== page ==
Thermo Shower valve temp adjustment

Discussion in 'Plumbing Forum, Professional & DIY Advice' started by cbn, Apr 19, 2008.

  1. cbn

    cbn New Member

    Messages:
    3
    Is it possible to override the maximum 110 degree temperature in the new
    anti-scald shower valves?
    We were about to purchase a Cifialo or Grohe thermo valve with integral volume control but noticed the max temp is 110...one of us in the family likes it hotter....say 118.
    Or does it just make sense to buy and install a single pressure balanced volume control valve?
    Appreciate any advice. Thanks.
  2. hj

    hj Moderator & Master Plumber Staff Member

    Messages:
    27,267
    Location:
    Cave Creek, Arizona
    temperature

    The Grohe, for one, has an override button in the handle to allow higher temperatures.
  3. cbn

    cbn New Member

    Messages:
    3
    Thanks for the fast reply. I was looking at the specs earlier and understood that pressing the override button allows for adjusting the temp from the standard 100 degrees either up or down 10 degrees? But it doesn't look like the handles on either Grohe or Cifialo move past the max 110 degree marking. Hmmm.
  4. jadnashua

    jadnashua Retired Defense Industry Engineer xxx

    Messages:
    22,325
    Location:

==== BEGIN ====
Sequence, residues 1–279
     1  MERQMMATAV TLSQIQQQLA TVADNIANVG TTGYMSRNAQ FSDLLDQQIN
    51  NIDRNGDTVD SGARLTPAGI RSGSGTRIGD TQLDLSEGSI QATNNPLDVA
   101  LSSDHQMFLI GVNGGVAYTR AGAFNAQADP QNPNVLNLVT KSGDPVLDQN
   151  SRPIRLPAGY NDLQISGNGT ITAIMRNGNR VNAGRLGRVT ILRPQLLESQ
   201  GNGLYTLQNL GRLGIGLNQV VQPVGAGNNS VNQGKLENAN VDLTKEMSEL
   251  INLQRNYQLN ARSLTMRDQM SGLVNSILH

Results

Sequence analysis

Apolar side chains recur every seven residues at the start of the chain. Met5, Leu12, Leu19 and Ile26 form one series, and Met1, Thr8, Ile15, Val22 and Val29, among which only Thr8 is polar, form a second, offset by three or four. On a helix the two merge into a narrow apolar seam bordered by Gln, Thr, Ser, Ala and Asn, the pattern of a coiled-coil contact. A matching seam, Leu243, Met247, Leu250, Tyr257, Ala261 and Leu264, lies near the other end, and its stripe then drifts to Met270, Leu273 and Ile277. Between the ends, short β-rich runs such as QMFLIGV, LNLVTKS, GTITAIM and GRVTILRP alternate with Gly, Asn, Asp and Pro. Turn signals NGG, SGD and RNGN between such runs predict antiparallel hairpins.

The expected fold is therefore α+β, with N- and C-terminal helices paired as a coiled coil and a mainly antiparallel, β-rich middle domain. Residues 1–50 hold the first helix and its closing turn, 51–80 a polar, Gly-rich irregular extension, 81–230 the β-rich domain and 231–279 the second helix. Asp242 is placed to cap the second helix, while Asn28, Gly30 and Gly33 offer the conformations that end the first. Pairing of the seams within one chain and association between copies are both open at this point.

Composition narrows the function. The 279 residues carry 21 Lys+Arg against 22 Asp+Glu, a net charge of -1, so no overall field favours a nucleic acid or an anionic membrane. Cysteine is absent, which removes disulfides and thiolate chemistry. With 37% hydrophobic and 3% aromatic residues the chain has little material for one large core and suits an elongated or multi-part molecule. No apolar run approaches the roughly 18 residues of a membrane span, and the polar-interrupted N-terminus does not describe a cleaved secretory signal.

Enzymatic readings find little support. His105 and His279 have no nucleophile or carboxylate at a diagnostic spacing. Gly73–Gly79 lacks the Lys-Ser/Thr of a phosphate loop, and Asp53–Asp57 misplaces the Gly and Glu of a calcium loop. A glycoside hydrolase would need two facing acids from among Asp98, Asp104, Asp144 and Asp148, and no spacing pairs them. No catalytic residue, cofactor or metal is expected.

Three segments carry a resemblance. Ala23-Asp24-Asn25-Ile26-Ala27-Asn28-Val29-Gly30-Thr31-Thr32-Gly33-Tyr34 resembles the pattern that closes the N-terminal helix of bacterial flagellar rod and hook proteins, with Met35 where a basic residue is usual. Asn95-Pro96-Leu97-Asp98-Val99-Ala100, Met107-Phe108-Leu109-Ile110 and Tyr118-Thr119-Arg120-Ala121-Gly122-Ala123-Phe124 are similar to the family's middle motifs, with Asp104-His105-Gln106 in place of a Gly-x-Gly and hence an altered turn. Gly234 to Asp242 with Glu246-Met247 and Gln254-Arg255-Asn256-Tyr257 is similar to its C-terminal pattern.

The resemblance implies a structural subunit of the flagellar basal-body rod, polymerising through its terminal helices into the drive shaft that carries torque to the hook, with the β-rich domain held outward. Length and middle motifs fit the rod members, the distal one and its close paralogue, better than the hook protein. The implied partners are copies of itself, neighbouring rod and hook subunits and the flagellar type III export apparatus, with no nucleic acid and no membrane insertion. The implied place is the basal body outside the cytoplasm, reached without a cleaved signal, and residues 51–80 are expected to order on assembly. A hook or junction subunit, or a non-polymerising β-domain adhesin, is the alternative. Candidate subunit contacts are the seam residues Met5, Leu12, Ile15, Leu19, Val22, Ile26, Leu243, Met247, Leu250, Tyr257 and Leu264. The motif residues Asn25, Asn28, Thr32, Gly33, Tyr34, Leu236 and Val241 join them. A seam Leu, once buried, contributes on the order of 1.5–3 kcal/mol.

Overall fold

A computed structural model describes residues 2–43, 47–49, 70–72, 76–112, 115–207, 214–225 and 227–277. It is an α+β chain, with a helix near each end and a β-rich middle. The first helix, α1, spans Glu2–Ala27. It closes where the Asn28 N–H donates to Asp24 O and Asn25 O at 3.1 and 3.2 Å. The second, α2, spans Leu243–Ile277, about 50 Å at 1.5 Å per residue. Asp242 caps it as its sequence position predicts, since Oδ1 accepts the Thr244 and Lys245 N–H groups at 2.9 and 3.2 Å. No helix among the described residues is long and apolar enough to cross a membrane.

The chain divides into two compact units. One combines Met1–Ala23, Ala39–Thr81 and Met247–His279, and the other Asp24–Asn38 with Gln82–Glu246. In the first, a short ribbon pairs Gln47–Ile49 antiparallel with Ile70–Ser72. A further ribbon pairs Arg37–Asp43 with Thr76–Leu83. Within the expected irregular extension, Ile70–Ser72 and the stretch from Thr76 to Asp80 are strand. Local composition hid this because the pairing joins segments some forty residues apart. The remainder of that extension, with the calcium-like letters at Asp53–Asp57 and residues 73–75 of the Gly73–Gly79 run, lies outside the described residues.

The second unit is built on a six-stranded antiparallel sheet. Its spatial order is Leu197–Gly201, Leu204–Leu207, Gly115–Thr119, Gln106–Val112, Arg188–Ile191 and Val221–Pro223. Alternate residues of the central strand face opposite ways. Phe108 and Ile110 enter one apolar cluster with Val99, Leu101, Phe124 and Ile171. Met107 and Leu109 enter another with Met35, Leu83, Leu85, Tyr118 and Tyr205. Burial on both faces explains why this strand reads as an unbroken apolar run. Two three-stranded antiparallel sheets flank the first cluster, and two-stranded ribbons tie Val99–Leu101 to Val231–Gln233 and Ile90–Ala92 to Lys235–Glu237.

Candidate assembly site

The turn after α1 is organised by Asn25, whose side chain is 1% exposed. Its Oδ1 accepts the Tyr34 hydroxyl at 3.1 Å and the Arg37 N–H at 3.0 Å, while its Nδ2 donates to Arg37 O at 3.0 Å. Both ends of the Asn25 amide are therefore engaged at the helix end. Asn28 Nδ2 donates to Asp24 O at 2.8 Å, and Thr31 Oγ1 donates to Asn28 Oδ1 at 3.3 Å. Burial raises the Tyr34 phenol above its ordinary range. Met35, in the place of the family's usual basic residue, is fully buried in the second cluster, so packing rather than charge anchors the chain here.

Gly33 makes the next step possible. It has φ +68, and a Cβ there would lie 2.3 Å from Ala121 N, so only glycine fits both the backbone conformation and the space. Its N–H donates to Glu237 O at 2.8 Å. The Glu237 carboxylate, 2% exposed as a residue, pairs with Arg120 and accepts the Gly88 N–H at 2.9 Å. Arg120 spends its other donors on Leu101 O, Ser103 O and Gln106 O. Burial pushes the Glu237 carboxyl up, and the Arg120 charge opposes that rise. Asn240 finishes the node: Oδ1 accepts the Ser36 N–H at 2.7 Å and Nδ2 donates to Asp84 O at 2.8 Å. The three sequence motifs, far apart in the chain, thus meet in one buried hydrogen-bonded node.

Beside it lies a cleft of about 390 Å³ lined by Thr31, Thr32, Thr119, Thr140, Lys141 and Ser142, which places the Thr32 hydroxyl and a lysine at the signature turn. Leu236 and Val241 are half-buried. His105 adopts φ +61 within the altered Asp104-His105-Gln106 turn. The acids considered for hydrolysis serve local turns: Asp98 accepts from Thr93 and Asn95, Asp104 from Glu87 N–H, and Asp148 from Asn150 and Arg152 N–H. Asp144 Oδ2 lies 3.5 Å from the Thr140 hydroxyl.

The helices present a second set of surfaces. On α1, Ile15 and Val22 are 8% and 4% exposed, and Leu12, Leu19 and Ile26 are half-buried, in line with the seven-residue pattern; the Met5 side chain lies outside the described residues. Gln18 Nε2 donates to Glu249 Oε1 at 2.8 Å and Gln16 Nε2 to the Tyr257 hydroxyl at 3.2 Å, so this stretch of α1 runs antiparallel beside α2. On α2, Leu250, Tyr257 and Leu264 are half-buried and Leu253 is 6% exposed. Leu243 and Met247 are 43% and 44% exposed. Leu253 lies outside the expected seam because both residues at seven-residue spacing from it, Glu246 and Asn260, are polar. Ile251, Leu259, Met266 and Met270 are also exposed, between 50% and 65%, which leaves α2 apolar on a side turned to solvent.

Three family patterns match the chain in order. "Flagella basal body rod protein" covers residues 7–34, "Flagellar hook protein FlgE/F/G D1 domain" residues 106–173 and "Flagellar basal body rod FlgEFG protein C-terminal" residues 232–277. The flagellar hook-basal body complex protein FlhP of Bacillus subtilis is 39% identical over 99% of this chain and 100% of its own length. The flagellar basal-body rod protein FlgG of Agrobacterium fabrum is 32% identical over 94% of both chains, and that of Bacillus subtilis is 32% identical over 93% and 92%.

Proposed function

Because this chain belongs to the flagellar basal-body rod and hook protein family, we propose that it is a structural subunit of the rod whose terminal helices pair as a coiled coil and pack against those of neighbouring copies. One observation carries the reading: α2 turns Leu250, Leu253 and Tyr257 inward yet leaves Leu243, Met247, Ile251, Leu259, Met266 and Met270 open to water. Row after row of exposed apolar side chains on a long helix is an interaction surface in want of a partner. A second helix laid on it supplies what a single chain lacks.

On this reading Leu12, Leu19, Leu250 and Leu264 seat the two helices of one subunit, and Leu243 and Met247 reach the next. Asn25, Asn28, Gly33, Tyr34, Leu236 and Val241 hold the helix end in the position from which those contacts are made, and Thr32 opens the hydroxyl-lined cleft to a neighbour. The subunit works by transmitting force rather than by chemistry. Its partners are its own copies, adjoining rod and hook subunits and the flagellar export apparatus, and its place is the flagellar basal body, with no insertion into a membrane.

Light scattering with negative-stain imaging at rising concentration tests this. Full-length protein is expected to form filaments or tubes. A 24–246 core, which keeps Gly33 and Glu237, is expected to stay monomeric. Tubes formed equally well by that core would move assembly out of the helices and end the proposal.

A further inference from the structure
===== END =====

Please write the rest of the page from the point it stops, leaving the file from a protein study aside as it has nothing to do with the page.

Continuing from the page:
New England
    On mine, once you're past the stop, it goes to "nearly" all hot.
  5. Winslow

    Winslow Plumber

    Messages:
    450
    Location:
    Hawaii
    You can adjust the spindle to whatever temp you desire before you put the limit stop on. Just take a thermometer and run water then turn the spindle to the desired temperature, then install the handle assembly.
  6. taysan

    taysan Member

    Messages:
    113
    Location:
    Toronto, ON Canada
    I'm putting a Porcher Reprise shower valve in my bath, and it has an adjustable stop (you have to take the handle off to change it) that controls the max temp.

    It has four settings - 100, 104, 109 and 112. Not sure why such granularity.

    Not sure what temp these assume your hot water heater is set to, because of course the valve doesn't know what temp the water is at, it just mixes the water. So if your heater is cranked up, these temps would presumably be higher.
  7. jadnashua

    jadnashua Retired Defense Industry Engineer xxx

    Messages:
    22,325
    Location:
    New England
    A thermostatically controlled valve does not care what the input water temps are...it is trying to adjust the output to what you desire. In fact, that is one of the bigger reasons to choose that type over a pressure balanced one - it will adjust the output to keep it constant as the WH is drained. Depending on the design, it can go from nearly all hot to all cold to get the desired output. The one thing it can't do is get the output colder than the incoming cold water.
  8. cbn

    cbn New Member

    Messages:
    3
    Thanks everyone for the information. What you said makes sense.
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